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Adamw last won the day on April 19

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  1. The Hella relay that this thread was about has a flywheeling diode built in and specifically states suitable for inductive loads and controlling motors. The pull-up resistor shown on the Haltech diagram is because their ECU's dont have a pull-up built-in. Ours do so you dont need that. It does not make the signal "cleaner", it is just needed when driving an solid state device to prevent a "floating input". From the few SSR's that I have played around with, the Crydom and other similar industrial ones only seem to work up to about 100-200Hz max and the controllable range of the motor seems to suffer a lot at that. The Hella one worked at 1000Hz for me, although as I said above earlier, I know another guy that had to run his at 500Hz as it got very hot at 1000Hz with a large inductive load. I would like to try one of these one day, but havent had a job for one recently: https://www.holley.com/products/nitrous/controllers_and_accessories/parts/15620NOS
  2. It may have in some old version but at least the latest one it is set to 6 events.
  3. Normally a DI needs less than 1.2V to trigger, but on the S7 plug-in DI1 and DI5 have a pair of diodes in series with the inputs which will lower the voltage by about another 1.4V each (you get about a 0.7 voltage drop across a diode). So anything less than about 2.6V it should activate. Can you explain what yours is doing - does it only activate in certain fan speed positions? Or not at all?
  4. Im not sure if it is accel enrichment in this case as at 100% TP and 5500RPM you wouldnt normally need much. However, I would set the accel hold to 6 events for a start, with it set to 2 only the first 2 cylinders will get the full enrichment.
  5. With most windows tablets screen off = Sleep.
  6. Something like this will probably get you closer.
  7. Ok, I think you will be out of luck in that case, this is not an ecu I have seen before. Someone like wiring specialities may be able to make an adapter loom if the header plug is available.
  8. Yep, if you are using modelled mode then you will want the IAT trim table to be mostly zeros with just some trim in the top right corner.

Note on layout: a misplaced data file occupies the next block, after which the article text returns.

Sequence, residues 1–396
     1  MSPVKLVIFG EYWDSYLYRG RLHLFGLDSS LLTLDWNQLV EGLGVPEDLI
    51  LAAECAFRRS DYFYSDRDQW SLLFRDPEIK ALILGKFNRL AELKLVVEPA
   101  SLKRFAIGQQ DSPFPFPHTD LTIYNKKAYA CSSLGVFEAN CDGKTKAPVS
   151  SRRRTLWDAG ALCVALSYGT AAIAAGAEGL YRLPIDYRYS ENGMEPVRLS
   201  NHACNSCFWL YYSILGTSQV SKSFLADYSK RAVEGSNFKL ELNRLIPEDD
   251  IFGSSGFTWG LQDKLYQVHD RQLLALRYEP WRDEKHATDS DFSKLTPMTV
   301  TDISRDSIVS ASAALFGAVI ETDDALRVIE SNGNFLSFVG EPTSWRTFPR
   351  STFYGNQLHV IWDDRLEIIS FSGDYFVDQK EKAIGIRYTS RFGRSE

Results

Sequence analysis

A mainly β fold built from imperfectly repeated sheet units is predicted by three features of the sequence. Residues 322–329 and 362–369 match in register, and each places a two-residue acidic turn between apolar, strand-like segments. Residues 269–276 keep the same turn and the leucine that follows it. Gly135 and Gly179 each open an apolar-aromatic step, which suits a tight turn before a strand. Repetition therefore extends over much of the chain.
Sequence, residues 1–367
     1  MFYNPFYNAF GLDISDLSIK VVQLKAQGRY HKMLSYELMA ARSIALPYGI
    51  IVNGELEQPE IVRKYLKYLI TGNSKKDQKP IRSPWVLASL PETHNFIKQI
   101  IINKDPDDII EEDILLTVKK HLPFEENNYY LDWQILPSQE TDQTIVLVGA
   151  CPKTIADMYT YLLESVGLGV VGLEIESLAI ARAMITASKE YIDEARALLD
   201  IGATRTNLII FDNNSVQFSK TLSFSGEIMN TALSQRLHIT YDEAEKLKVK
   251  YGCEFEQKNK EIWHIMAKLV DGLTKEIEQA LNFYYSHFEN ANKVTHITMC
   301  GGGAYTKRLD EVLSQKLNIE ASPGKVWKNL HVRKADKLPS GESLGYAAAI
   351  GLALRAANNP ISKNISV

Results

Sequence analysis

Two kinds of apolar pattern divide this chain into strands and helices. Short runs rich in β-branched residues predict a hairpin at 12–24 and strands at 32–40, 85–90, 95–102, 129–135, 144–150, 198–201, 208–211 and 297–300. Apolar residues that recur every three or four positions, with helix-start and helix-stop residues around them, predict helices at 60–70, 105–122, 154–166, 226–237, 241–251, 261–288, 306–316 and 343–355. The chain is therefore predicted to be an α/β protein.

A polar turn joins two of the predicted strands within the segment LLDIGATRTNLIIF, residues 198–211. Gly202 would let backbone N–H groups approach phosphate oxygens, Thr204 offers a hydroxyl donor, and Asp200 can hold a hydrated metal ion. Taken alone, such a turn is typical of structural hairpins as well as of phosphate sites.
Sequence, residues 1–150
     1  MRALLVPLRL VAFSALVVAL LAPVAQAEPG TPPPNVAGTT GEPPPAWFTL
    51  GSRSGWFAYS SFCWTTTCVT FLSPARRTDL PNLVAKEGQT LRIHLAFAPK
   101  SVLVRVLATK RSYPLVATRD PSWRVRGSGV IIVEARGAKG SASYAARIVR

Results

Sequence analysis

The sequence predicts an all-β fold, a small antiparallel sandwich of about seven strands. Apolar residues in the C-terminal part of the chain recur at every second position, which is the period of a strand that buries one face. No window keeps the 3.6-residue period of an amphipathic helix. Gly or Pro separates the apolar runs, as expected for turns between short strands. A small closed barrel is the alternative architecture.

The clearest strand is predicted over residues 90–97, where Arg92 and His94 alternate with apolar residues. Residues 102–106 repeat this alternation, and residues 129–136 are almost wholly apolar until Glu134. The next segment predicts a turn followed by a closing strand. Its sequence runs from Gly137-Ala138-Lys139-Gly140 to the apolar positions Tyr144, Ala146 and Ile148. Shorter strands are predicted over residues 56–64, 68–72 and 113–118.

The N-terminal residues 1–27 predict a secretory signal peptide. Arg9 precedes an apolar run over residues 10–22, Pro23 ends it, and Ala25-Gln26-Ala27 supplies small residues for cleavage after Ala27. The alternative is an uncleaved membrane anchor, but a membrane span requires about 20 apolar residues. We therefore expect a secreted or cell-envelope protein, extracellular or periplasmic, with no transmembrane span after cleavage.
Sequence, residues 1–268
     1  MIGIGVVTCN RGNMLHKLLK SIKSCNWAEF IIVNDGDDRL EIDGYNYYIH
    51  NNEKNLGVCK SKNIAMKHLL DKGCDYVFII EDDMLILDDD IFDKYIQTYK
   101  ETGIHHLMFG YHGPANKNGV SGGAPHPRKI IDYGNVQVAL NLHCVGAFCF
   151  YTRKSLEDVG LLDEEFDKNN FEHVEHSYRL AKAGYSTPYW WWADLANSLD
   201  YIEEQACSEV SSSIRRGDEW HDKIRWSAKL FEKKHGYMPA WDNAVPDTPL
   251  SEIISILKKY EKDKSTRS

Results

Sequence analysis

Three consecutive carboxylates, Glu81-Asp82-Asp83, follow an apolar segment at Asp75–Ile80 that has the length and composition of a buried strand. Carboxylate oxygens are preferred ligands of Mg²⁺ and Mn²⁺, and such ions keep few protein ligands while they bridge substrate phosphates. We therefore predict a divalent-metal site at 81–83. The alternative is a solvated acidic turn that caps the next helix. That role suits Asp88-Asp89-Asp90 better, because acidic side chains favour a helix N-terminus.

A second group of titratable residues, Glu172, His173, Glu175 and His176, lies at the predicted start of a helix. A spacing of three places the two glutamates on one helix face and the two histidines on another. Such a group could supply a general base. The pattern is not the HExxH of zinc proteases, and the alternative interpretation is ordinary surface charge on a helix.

9. Yes, pretty much the same. The conditions for GP Outputs (used for the warning light) arent quite as complete in the G4 but you will be able to acheive something similar.
  10. So there should be no difference in that case if you are comparing a G4 to a G3 with G4 firmware running the same map. All the important hardware is the same between the G3 & G4.
  11. A single screenshot does not give anywhere near enough info. You need to post a copy of your tune and preferably a PC log of it on the limiter.
  12. Did you not see the picture below in the help file? Yours doesnt seem to show that there is no limiting below the control range and that the start cut is different for WOT than smaller throttle openings.
  13. Yes the shape will be similar but the numbers will likely be quite different. The fuel table will need to be re-tuned.
  14. The GTR IAT is not a great sensor, it is a solid brass sensor and doesnt protude much into the air stream so it is quite slow to respond. Many companies sell a replacement fast response sensor that extends further into the airflow which will help. Here is one example: http://www.nzefi.com/product/fast-response-iat-sensor-r32-34-skyline-gtr-specific/ The other thing you can do is set up your IAT trim table with TP on one axis, then at small throttle openings and high IAT's, you can add fuel (or remove less). You will notice our latest GTR base map is set up this way.
  15. The Hella SSR's are quoted as being suitable for PWM of inductive loads up to 1000Hz. I have used one at 1000Hz for fuel pump control before with no drama although it was a relatively small pump. I have been working with another guy recently that is using one to drive a large solenoid operated diesel fuel pump and his was getting very hot at 1000Hz, but dropped back to 500Hz and it is happy.
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